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Christian in-fighting: "Iconoclasts in a church" (1630) by Dirck van Delen (Rijksmuseum)
The myth that religion is essentially and uniquely generative of division and violence passes for common sense among celebrity atheists and militant secularists. It undergirds their insistence that public space be purged of it, that bishops be expelled from the House of Lords, and that faith schools be closed down. Once the peace is no longer disturbed by warring claims to be the One True Faith, they suppose, secularist society can settle down to enjoy the fruits of modern rational tolerance. Quite how such prejudice manages to thrive among the well-educated, not to speak of university professors, is a puzzle. Perhaps they just do not read history. But if Karen Armstrong is correct, their anti-religious bigotry is the very mother of the religious violence they dread.

Fields of Blood offers a magisterial debunking of the secularist tale. It ranges from pre-history to the present, displaying a remarkable breadth of erudition — anthropological, sociological, historical, comparative religious, theological, philosophical, and political. Armstrong has read not only widely, but, judging by the 70 pages of footnotes, deeply too. Although she focuses on the three Abrahamic religions, since exclusive monotheism is usually made to play the main villain, she nevertheless devotes a chapter each to India and China. 

One of her main theses is that religion has been universally ambivalent about violence. On the one hand, it espouses ideals of equality, community and peace; on the other hand, it has had to reckon with the "iron law" that civilisation, and in particular the development of the agrarian and industrial state, inevitably involves hierarchy, inequality, and violence. This was the dilemma that the Confucians wrestled with in China from the sixth century BC and Ashoka in India in the third century BC. The Hebrew Bible contains both fierce prophetic criticism of the centralised state and celebration of the national security afforded by the Davidic empire. Jesus was preoccupied with resisting Roman imperial misrule, while Christians such as Eusebius welcomed the identification of Christianity with the empire under Constantine. (Actually, the Gospel's Jesus seems to me much keener to distance himself from militant Jewish nationalism than from the Roman Empire.) And as the Koran contains a constant juxtaposition of ruthlessness and mercy, so the history of Islam oscillates between assimilation to state violence and ascetic withdrawal. The basic point is that religious tradition "is never a single, unchanging essence that impels people to act in a uniform way". It follows that the notion that religion in general, or monotheism in particular, is essentially and consistently violent is historical nonsense.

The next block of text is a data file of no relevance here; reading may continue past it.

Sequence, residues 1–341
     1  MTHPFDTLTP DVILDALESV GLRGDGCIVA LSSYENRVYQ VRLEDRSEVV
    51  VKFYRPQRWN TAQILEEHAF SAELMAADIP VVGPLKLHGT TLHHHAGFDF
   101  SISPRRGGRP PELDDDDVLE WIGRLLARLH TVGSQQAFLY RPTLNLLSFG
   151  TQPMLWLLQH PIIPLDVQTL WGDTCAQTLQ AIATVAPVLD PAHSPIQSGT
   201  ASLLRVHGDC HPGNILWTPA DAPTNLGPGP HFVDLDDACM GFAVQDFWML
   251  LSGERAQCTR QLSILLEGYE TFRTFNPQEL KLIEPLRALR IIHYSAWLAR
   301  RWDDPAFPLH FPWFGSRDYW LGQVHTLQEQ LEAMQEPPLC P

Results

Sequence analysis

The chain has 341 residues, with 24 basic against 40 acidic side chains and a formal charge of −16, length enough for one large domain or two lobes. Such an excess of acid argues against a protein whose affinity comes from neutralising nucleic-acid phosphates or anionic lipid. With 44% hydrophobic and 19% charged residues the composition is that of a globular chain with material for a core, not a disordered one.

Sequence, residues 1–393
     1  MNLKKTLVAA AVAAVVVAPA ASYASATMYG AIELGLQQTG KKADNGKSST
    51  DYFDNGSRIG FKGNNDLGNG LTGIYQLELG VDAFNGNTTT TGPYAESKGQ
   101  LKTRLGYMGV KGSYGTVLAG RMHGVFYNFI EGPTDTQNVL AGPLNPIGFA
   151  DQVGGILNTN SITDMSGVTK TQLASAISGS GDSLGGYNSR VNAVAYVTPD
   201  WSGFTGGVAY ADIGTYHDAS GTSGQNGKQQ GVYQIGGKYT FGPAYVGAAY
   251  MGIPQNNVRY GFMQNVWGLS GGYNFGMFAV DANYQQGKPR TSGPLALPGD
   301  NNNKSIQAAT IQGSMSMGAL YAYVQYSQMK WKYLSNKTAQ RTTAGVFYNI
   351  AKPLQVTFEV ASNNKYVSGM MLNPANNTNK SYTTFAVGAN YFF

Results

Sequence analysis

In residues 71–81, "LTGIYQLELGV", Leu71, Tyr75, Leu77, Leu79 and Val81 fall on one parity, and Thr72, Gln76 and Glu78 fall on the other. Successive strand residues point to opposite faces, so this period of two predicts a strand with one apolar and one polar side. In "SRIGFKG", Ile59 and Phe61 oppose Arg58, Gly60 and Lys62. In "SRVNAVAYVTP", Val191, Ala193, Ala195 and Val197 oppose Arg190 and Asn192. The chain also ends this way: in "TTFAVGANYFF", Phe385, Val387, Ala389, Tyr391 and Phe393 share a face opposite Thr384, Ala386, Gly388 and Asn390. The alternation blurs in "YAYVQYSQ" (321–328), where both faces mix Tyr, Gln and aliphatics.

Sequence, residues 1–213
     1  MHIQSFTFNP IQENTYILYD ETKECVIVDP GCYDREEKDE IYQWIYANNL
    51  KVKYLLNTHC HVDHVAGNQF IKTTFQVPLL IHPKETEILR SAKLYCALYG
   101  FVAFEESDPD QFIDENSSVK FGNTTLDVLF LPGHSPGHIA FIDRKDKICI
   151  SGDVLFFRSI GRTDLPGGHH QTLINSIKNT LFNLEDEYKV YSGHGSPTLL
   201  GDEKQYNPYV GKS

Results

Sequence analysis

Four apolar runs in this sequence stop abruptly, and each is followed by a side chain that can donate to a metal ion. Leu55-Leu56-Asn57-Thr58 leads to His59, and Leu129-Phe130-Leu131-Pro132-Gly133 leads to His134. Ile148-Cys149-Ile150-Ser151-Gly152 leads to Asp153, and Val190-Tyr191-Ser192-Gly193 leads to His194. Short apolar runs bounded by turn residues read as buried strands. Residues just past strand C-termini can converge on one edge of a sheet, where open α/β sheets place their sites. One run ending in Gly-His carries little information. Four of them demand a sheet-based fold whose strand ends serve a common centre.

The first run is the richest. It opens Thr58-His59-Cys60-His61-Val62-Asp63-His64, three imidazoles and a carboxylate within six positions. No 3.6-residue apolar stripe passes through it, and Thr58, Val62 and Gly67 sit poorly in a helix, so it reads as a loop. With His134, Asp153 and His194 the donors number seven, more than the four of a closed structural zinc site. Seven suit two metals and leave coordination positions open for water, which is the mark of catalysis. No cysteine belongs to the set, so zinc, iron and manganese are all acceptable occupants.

Another thesis is that the supposedly classic instances of religious violence were in fact not so religious — or, at least, not so simply religious. The Crusades, the Inquisition, the Religious Wars, were inspired by a mixture of political, social, economic, and religious motives, in which the primacy of the last is not at all clear. The same goes for today's militant Islamic jihadism. At most times and places religion has not been — and is not — separable from social and political life. Any visitor to Le Mur des Réformateurs in Geneva, for example, will be immediately struck by its close identification of the story of Calvinist Protestantism with that of the growth of political liberty.

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September 23rd, 2014
9:09 PM
Karen Armstrong is responsible for some of the most egregious apologetics for Islam in the last decade. She is utterly dissimulating about the problems of Islam, and suggests that non Muslims are to blame for the violence and intolerance within Islam. Her apologetics are something to behold rooted in denial and sophistry of a spectacular kind.

Ray Ingles
September 4th, 2014
3:09 PM
Actually, few if any secularist argue that "public space be purged of" religion. In the U.S., for example, the argument is that the government should avoid endorsing or enforcing religious doctrines. For example - creches on church land, or private homes, or even businesses? Sure. Creches on government land? Not so much. Not being able to rally the force of government to ones side is not the same as not being able to publicly present and practice ones religion.

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